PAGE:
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HART v. PENNSYLVANIA TURNPIKE COMMN.

October 20, 1977

JOHN HART and MABEL HART, Plaintiffs,
v.
PENNSYLVANIA TURNPIKE COMMISSION, Defendant



The opinion of the court was delivered by: COHILL

 COHILL, J.

 Plaintiffs allege that on February 12, 1975, while they were driving east on the Pennsylvania Turnpike near Bedford, Pennsylvania, a snowplow dislodged a block of snow from a bridge; the snow landed on the plaintiffs' vehicle, resulting in an accident.

 The defendant, the Pennsylvania Turnpike Commission, operates and maintains the Turnpike pursuant to statute. 36 P.S. § 652a. The Commission filed a motion for summary judgment, following which both parties submitted memoranda of law and argued the motion orally.

 In 1975 the plaintiffs had filed in this court an action against three individuals arising out of this same occurrence. They had alleged that one of the three defendants had been operating the snowplow in question and sought damages. Judge Edward Dumbauld of this court granted a motion to dismiss, holding that the named defendants were employees of the Pennsylvania Department of Transportation and that since the Department of Transportation is immune from liability for negligence, its employees should not be held liable either, stating in his Order of March 11, 1976:

 
". . . the Court being of opinion that responsibility for negligent performance of such employment injurious to the public should fall on the employer rather than upon the individual employees, but that at present the legislature has failed to make adequate provision for imposing such liability on the Commonwealth, and hence that the motion to dismiss should be granted."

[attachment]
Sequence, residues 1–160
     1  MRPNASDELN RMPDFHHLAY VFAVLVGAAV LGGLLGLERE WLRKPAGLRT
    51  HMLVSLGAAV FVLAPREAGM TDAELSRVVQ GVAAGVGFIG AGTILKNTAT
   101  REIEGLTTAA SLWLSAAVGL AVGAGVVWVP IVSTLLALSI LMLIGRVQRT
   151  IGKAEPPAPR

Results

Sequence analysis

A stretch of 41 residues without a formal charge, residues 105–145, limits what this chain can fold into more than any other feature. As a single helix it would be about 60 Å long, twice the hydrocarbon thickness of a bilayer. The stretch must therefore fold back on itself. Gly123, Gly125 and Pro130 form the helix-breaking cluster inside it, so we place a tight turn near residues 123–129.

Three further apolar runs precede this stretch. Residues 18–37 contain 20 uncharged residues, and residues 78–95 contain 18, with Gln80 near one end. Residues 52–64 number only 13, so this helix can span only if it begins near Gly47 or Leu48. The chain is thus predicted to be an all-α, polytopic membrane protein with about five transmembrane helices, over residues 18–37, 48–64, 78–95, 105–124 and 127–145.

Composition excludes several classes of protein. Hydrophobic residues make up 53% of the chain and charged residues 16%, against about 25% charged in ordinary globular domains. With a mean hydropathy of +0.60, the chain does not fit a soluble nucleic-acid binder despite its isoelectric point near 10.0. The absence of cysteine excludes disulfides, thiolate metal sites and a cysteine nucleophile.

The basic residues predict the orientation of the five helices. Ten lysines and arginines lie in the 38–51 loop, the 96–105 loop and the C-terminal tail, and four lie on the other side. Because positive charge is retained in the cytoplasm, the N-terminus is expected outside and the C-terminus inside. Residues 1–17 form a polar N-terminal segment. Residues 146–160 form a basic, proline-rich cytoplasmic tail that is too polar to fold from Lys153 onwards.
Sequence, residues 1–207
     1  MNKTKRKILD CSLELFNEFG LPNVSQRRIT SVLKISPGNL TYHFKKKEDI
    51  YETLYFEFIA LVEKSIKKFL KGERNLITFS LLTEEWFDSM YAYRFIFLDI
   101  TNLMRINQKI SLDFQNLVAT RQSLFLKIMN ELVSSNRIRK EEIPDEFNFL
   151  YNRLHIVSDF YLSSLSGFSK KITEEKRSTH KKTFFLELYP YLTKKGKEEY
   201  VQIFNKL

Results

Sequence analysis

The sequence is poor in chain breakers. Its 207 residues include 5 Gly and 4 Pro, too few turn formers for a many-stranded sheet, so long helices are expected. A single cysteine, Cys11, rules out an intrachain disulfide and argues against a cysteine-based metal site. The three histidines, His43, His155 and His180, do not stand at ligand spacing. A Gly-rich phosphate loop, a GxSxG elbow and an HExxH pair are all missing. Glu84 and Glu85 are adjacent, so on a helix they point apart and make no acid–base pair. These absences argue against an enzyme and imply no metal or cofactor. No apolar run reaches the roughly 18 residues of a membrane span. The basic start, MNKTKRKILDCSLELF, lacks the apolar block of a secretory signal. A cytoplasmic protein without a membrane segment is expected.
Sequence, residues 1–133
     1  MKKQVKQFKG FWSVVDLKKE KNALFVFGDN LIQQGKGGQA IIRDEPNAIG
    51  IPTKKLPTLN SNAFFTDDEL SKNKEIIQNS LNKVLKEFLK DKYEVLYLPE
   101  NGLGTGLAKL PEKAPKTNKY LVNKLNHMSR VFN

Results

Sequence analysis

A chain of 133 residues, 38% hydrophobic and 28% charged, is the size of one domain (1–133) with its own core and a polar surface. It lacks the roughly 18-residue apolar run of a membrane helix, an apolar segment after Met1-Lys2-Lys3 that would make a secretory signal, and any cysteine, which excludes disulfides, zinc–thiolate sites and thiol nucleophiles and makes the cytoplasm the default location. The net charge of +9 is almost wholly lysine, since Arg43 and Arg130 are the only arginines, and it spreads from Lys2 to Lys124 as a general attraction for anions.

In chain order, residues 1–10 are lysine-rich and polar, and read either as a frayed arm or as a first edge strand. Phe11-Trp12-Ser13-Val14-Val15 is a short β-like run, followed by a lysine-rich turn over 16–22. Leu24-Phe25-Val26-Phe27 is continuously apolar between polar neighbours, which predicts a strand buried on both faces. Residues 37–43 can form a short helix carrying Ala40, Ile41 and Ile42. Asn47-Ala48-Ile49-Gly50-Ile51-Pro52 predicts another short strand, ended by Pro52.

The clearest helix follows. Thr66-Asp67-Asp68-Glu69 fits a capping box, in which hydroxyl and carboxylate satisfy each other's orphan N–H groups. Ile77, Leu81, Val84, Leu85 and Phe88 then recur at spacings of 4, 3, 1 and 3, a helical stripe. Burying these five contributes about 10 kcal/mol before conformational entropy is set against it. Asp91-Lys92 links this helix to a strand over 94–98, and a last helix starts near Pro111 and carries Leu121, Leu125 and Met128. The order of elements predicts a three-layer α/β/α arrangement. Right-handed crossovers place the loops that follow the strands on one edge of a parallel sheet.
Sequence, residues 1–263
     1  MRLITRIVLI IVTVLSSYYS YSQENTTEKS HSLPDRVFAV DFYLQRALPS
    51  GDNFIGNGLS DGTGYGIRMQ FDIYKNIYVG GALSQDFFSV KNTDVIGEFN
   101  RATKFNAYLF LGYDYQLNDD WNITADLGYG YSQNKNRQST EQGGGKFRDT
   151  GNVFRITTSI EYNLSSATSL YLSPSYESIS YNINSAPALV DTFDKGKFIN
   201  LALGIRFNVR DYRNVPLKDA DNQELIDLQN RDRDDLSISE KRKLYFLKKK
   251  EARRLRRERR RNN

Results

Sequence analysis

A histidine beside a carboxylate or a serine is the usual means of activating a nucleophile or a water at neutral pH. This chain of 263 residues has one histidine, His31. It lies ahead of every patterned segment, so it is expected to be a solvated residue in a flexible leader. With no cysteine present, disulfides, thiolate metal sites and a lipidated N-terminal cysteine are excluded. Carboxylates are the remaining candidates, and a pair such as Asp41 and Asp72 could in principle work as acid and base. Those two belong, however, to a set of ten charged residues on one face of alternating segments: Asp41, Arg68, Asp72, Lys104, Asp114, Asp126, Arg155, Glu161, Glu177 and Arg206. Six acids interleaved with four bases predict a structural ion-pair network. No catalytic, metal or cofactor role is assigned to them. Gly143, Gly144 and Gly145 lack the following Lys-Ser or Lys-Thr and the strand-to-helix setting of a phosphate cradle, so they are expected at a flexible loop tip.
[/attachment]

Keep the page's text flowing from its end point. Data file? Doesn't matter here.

The defendant seeks the dismissal here on the grounds that the defendant never performed any snow removal from the bridge in question (as per affidavit of Joseph A. Kling, Deputy Executive Director -- Maintenance for the Pennsylvania Turnpike Commission -- Exhibit 7 of the motion).

 The plaintiffs argue that their theory of the case is not that the snowplow belonged to the Turnpike Commission or was operated by its employees, but rather that the Commission had failed to warn or remedy an unreasonable risk of harm to motorists on the Turnpike, when the defendant knew or should have known of the hazardous condition created by the snow removal operation on the bridge.

 The Pennsylvania Supreme Court has held that the Pennsylvania Turnpike Commission is not immune from suit in tort. Specter v. Commonwealth, 462 Pa. 474, 341 A.2d 481, 491 (1975).

 Plaintiffs argue that since the defendant is not immune, Section 344 of the Restatement of Torts 2d applies. This reads as follows:

 
a) discover that such acts are being done or are likely to be done, or
 
b) give a warning adequate to enable the visitors to avoid the harm, or otherwise protect them against it."

 The Act which created the Turnpike Commission, 36 P.S. § 652a et seq. does empower it to become a possessor of land. See ...


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